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NYSE challenges Nasdaq’s reign as king of the tech IPO

Nicole Bullock
Pedestrians walk past an American flag displayed outside of the New York Stock Exchange (NYSE) in New York.
Michael Nagle | Bloomberg | Getty Images

Ever since high-profile tech listings burst into the public imagination more than two decades ago, the Nasdaq stock exchange has been synonymous with the online giants that have helped define the modern era.

But in little over a year Nasdaq's cross-town rivals at the New York Stock Exchange have landed the two highest-profile listings: the $3.9bn raised by messaging app Snapchat's parent in March 2017 and the listing of music streaming service Spotify this month.

That has raised questions over who is the new king of the tech IPO at a time the stakes are expected to get even bigger.

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The expectation on Wall Street is that the trickle of deals in 2018 could gather pace in the coming years, with companies such as Uber and Airbnb trading in their private status for a jump into the public market.

Brian Chesky, CEO and Co-founder of Airbnb
Mike Segar | Reuters

John Tuttle, head of listings at NYSE, admits the exchange was "slow to catch on" as a series of now high-profile companies such as Amazon listed on Nasdaq. Nasdaq suffered a black eye with Facebook's 2012 IPO in which technical mishaps contributed to a delayed and chaotic opening for the stock, further encouraging the NYSE.

The exchange, which is owned by the Intercontinental Exchange, ultimately caught on to the idea that tech companies would be new titans of industry, changed its listing standards and began aggressively recruiting in Silicon Valley. NYSE's share of the number of tech deals has boomed from the single digits in the late 1990s to 52 per cent from 2013 to 2015, according to Dealogic.

"NYSE was always home to innovative companies — tech is the next phase in innovation," said Mr Tuttle. "We modernised our listing standards to meet the demands of companies in the 21st century."

In January, NYSE recruited Jose Cobos, a San Francisco banker and former Navy Seal to lead its charge for tech listings. NYSE also modified its rules for direct listings in February, a move it hopes sets the stage for other tech "decacorns", or unicorns valued at $10bn or more, that may want to try Spotify's approach and list its shares without raising any new money.

Nasdaq has not been without recent successes. Cloud storage company Dropbox picked Nasdaq when it raised $869m in a flotation last month. And at its headquarters in Times Square, Nasdaq has given exchange veteran Nelson Griggs oversight of its corporation solutions business, which sells companies investor relations and board services, as well as listings, to solidify part of the Nasdaq's pitch to companies of both offerings.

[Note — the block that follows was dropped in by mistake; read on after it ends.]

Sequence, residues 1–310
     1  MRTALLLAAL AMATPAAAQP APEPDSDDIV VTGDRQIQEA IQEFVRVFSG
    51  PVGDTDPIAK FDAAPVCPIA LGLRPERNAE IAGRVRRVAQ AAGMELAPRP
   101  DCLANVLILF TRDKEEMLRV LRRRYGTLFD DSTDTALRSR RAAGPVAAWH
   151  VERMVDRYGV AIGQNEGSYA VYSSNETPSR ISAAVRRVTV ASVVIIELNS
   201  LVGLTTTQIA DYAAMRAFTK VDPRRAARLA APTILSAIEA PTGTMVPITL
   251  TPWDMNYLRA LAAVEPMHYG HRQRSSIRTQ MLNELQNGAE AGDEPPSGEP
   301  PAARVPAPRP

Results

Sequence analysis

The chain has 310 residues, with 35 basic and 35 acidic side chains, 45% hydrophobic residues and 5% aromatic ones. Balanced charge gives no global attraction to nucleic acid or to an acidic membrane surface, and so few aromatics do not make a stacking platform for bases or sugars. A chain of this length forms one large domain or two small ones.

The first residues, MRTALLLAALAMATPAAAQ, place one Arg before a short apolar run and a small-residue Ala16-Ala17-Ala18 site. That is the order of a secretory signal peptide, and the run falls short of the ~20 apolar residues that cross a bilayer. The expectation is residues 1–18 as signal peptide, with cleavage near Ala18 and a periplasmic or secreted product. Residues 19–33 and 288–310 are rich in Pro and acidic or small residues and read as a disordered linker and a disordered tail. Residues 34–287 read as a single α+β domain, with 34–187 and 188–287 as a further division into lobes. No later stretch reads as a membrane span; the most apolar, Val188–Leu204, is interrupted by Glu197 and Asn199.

"The rationale to combine them is that in many cases they have the same end customer: corporate CEOs, CFOs as well as board members," Mr Griggs said.

Although NYSE dominated in 2017 with 51 per cent of deals and 80 per cent of money raised, Nasdaq captured 85 per cent of tech listings in 2016 and so far this year is leading with 54 per cent, Dealogic data show.

"The numbers point to the fact that we are recovering from Facebook," said Mr Griggs, president Nasdaq stock exchange.

Martin Ollman | Getty Images

A breakdown of the figures shows that the average IPO size for the NYSE is higher than Nasdaq. Although Nasdaq has gained more tech listings — 183 for Nasdaq versus 160 for NYSE since 2010 — NYSE has won the bigger tech IPOs in recent years. All told, the tech listings on NYSE have raised $74.4bn since 2010 compared with $49.6bn for Nasdaq.

NYSE and Nasdaq retain different listing standards, which can affect decision making. NYSE listing fees for companies are capped at $500,000 a year versus $155,000 a year at Nasdaq.

Both Spotify and Dropbox declined to comment, but executives of other tech companies indicated the choice of exchange is a personal one.

Tien Tzuo, the chief executive of Zuora, which sells software that enables companies to transform into subscription businesses, said its customers, which include Caterpillar, were increasingly NYSE-listed and "it was important to be there with them".

By contrast, Rob Bernshteyn, chief executive of Coupa, said Nasdaq helped the provider of spending management services for companies to make valuable contacts. "I was introduced to John Chambers [the former executive chairman of Cisco Systems] and it developed into a mentoring relationship," he said.

The pageantry of NYSE's storied digs in Manhattan's financial district and the thrill of ringing the opening bell on listing day count for some. For Mr Bernshteyn, it was important to have as many colleagues with him as possible. NYSE has a limit of 14 guests on its podium largely because of fire code reasons, while up to 75 can share the Nasdaq stage for the market open in Times Square.

While listing fees are not a major contributor to the revenues of either Nasdaq or NYSE's parent ICE, victory in the battle for tech listings is not a pyrrhic one. The close of daily trading in a company's shares must happen at the home exchange, and with the proliferation of index-based investing and exchange traded funds, a higher volume of trading has gravitated to the end of the day.

Yet if more tech unicorns do go public, the big prize for these competing exchanges may ultimately be something far more intangible: branding.

"If you are NYSE and Nasdaq and you cannot get anyone to list on your venue," said Kyle Martin, a research analyst at Westwood Holdings, "who are you?"

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